The direction of social housing policy since 1979 has been gradually to remove the state from the business of building houses, and now gradually to remove the state from the business of subsidising rent. You can imagine free marketeers believing the market can house the poor in decent comfort without the better-off being forced to chip in, although there is no evidence that it can. This is the benign view of the Thatcherites’ motive. But it is easier to believe that the actual intention – not formally designed in some conspiratorial way, and never openly described as such – is to demonetise that part of general taxation on the well-off that goes towards evening things out for the poor and replacing it with a tax in kind, a tax on conscience. To permit the gradual re-emergence of slums, in other words, in order to keep income and corporation tax low, and to make the threat to the well-off an easily ignored threat to their conscience, rather than to their wealth. To settle for history as wheel rather than ascent, in which it will eventually be time for Dickens to come around again.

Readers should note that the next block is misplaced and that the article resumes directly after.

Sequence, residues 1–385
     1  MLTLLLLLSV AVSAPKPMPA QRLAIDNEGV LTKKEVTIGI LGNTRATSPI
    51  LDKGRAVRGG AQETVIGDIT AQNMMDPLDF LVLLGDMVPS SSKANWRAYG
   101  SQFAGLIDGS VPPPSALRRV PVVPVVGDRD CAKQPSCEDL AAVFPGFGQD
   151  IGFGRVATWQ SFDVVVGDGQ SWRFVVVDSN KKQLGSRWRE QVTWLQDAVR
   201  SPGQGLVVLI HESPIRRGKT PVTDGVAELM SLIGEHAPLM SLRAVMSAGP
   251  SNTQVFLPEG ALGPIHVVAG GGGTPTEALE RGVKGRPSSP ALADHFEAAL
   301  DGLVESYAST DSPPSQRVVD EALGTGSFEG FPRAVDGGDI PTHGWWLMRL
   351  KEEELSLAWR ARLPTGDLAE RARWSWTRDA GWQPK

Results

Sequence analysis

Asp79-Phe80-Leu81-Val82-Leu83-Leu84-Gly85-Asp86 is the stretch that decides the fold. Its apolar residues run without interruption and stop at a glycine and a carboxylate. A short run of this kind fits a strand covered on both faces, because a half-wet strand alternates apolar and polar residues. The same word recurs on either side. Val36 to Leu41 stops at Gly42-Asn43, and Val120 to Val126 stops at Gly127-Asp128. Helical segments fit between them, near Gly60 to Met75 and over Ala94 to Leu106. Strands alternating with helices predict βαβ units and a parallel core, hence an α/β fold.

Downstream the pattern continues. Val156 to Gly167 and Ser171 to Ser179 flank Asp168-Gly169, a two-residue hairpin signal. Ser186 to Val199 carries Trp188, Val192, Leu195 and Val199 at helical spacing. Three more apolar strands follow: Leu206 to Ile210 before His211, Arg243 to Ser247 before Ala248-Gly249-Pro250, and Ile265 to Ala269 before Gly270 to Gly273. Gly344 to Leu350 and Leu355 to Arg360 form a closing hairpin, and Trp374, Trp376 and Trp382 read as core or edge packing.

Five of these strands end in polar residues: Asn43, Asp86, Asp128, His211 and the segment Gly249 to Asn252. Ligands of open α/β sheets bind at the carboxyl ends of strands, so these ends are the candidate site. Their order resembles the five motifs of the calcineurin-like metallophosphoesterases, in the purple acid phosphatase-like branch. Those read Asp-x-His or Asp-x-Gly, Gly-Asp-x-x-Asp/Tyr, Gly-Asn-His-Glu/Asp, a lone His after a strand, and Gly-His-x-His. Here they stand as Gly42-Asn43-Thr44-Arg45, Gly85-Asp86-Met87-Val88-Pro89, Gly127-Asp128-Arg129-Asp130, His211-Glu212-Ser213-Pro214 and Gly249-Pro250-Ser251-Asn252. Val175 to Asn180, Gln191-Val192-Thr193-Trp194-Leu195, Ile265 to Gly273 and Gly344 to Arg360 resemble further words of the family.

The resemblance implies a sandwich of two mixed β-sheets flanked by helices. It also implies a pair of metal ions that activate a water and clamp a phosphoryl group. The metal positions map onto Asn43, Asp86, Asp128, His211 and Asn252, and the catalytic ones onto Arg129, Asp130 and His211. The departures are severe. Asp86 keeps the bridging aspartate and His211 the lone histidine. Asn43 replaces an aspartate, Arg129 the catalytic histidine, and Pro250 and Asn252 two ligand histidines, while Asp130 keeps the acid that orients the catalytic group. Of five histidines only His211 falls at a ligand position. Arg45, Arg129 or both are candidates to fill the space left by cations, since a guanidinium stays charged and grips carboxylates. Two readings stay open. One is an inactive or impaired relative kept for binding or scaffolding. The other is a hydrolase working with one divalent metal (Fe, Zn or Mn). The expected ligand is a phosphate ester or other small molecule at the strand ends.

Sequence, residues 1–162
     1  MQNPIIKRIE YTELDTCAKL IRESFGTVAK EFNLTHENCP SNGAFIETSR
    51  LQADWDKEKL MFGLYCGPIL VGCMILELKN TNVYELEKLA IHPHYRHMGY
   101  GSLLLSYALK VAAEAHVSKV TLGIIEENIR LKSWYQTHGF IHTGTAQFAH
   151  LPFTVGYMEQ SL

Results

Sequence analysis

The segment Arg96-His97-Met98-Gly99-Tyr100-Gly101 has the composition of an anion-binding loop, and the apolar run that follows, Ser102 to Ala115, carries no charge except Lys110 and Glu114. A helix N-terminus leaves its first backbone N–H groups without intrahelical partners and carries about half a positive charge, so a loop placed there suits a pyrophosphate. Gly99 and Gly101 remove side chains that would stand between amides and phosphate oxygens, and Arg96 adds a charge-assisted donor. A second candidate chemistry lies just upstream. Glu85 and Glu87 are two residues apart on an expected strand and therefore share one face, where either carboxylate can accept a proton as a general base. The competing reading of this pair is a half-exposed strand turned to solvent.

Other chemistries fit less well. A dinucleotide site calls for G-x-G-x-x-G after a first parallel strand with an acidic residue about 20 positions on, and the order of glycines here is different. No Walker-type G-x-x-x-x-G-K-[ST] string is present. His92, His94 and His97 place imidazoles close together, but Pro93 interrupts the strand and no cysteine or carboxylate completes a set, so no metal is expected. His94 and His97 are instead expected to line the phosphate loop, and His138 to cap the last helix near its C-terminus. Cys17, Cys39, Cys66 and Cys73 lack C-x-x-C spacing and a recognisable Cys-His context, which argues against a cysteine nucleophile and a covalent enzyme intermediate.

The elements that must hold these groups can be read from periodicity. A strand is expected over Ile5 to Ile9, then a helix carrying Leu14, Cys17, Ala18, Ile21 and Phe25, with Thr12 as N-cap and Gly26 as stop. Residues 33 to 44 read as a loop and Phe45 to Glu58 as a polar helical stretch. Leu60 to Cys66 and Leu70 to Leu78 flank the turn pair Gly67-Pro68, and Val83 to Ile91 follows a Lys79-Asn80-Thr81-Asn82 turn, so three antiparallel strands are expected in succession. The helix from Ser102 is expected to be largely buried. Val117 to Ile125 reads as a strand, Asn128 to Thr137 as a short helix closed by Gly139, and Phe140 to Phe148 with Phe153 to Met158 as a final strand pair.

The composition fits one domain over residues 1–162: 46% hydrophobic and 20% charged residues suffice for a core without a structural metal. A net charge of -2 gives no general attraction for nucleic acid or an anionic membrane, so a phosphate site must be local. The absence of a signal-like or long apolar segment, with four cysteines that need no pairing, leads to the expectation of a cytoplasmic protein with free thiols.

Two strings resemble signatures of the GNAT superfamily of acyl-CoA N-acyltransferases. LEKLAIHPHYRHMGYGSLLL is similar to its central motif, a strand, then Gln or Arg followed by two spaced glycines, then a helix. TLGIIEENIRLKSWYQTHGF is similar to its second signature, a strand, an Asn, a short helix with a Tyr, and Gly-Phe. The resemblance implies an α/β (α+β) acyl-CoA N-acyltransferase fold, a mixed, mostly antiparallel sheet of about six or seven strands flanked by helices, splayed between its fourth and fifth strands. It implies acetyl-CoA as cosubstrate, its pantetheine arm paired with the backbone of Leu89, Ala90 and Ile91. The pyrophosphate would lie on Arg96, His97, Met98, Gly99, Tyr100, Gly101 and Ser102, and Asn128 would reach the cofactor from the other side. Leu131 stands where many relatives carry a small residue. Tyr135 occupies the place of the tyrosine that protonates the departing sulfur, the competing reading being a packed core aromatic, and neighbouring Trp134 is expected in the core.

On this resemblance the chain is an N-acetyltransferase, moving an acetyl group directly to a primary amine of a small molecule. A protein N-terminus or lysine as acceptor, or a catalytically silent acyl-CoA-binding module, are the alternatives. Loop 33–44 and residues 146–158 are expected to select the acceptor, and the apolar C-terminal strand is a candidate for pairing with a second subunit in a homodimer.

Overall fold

This is a proper long read (I mean, 13468 words) on Britain’s housing crisis with some disconcerting parallels to what has happened in mainland Europe (although perhaps to a lesser degree). The possibility of the reemergence of slums simply boggles my mind.